No protesters were seen outside the Washington Convention Center prior to the HRC dinner. Demonstrators often protest Obama at the LGBT events in which he participates for his lack of support of marriage equality and HRC for allegedly being an elitist organization.
Heather Cronk, managing director of GetEQUAL, said protesting the HRC dinner “wasn’t a priority and didn’t seem strategic.”
“We’re focused on building a grassroots movement that can demand full federal equality for LGBT Americans — and with limited resources, we have to be discerning about how to direct the energy of GetEQUAL’s organizers,” Cronk said. “Since we decided that protesting at the event wouldn’t actually help us build that uncompromising and unrelenting movement, we’re staying focused on where we can have an impact.”
UPDATE: This post has been edited.
VIDEO: Utah deal promoted as national model for LGBTQ rights, religious liberty
Data finds state has 2nd highest support for LGBTQ rights
A new video from the premier LGBTQ group in Utah, challenging the idea LGBTQ rights must be at odds with religious liberty, promotes an agreement reached in the state as a potential model to achieve a long sought-after update to civil rights law at the federal level.
The video, published Friday by Equality Utah, focuses on a 2015 agreement in Utah between the supporters of LGBTQ rights and the Mormon Church to enact a compromise acceptable to both sides. The agreement by those two sides led to an LGBTQ civil rights law in the state, which has Republican control of the state legislature and the governor’s mansion.
Troy Williams, executive director of Equality Utah, says in the video dialogue is key to achieving meaningful success, whether its among the people of Utah, a state legislature or lawmakers in Congress.
“When you are working with LGBT rights in a state like Utah, and you want to advance legal equality, you can’t do it without working with Republicans, with conservative, with people of faith,” Williams says.
Williams, speaking with the Washington Blade over a Zoom call, said the main audience for the video is people on “the center right and the center left” willing to listen to other side when it comes to LGBTQ rights and religious liberty.
“People that have the courage to reach out to each other, and sit down across from each other and say, ‘Hey look, let’s hammer this out,” Williams said. “That’s who my audience is.”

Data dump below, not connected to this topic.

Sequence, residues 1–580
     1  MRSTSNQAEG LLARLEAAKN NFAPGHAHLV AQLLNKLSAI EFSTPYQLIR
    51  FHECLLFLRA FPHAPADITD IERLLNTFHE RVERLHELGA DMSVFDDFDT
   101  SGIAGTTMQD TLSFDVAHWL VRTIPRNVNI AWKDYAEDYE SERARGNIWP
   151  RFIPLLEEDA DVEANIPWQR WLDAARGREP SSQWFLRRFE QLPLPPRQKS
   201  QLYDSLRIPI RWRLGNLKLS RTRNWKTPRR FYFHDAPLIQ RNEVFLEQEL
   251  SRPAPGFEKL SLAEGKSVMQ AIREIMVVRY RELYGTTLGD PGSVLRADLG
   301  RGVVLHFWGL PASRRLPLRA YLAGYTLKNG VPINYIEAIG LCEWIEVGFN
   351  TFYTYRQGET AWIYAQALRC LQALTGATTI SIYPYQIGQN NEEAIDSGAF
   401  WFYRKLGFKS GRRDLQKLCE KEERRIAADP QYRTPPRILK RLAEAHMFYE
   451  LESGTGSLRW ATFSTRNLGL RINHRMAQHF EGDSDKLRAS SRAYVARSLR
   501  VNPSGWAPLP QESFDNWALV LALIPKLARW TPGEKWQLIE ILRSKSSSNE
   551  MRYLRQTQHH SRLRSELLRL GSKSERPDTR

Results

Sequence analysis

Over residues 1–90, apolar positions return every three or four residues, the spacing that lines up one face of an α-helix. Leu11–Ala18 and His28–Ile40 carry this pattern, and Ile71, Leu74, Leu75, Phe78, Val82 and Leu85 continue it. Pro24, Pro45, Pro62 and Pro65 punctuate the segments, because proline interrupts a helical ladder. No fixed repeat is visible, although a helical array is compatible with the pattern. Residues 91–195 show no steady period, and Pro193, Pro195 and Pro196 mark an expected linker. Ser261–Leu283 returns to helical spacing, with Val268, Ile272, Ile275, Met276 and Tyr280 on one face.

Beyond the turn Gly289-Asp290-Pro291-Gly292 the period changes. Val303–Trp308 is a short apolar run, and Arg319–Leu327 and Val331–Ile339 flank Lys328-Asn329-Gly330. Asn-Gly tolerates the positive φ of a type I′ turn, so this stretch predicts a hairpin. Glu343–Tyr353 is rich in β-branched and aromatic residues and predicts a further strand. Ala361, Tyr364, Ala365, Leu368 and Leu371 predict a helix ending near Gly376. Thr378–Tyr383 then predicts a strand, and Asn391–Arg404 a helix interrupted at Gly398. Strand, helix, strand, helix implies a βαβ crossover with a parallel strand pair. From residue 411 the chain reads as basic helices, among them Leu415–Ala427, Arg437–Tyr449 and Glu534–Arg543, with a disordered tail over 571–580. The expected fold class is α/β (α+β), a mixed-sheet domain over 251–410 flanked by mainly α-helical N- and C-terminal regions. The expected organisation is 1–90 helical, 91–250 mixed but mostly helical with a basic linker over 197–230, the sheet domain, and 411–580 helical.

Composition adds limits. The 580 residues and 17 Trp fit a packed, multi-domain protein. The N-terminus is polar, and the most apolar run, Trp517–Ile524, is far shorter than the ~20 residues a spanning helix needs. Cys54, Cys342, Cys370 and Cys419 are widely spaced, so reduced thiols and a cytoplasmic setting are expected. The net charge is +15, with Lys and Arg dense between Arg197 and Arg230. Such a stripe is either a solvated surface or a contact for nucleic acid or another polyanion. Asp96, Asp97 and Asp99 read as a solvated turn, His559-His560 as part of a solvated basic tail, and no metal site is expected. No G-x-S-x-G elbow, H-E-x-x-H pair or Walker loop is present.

Not only did Utah enact non-discrimination protections for LGBTQ people, but the state under a Republican governor administratively banned widely discredited conversion therapy for youth. When lawmakers proposed legislation that would ban transgender youth from competing in school sports, the proposal was scuttled when Gov. Spencer Cox (whom Williams called a “super Mormon”) said he’d veto it after it came to his desk.
Marina Gomberg, a former board for Equality Utah, is another voice in the video seeking dispel the narrative religious liberty and LGBTQ rights are in conflict.
“in order to protect LGBTQ people, we don have to deny religious liberty, and in order to provide protections for religious liberties, we don’t have to deny LGBTQ people,” Gomberg says. “The idea that we do is a fallacy that Utah has dismantled.”
In July, new polling demonstrated the surprisingly the Utah, despite being a conservative state, has the second highest percentage of state population in support for non-discrimination protections for LGBTQ people. The data Public Religion Research Institute from 77 percent of Utah residents support LGBTQ people, which is just behind New Hampshire at 81 percent.
Tyler Deaton, senior adviser for the pro-LGBTQ American Unity Fund, said the Utah agreement demonstrates the possibility of reaching an agreement at the federal level once “second order” issues are put into perspective.
“The first order question has to be how are we winning the culture,” Deaton said. “Do people even want to pass the bill? And if they do, you then figure out the details.”
The American Unity Fund has helped promote as a path forward for LGBTQ non-discrimination at the federal level the Fairness for For All Act, legislation seeking to reach a middle ground on LGBTQ rights and religious freedom. Polling earlier this year found 57 percent of the American public back a bipartisan solution in Congress to advance LGBTQ civil rights.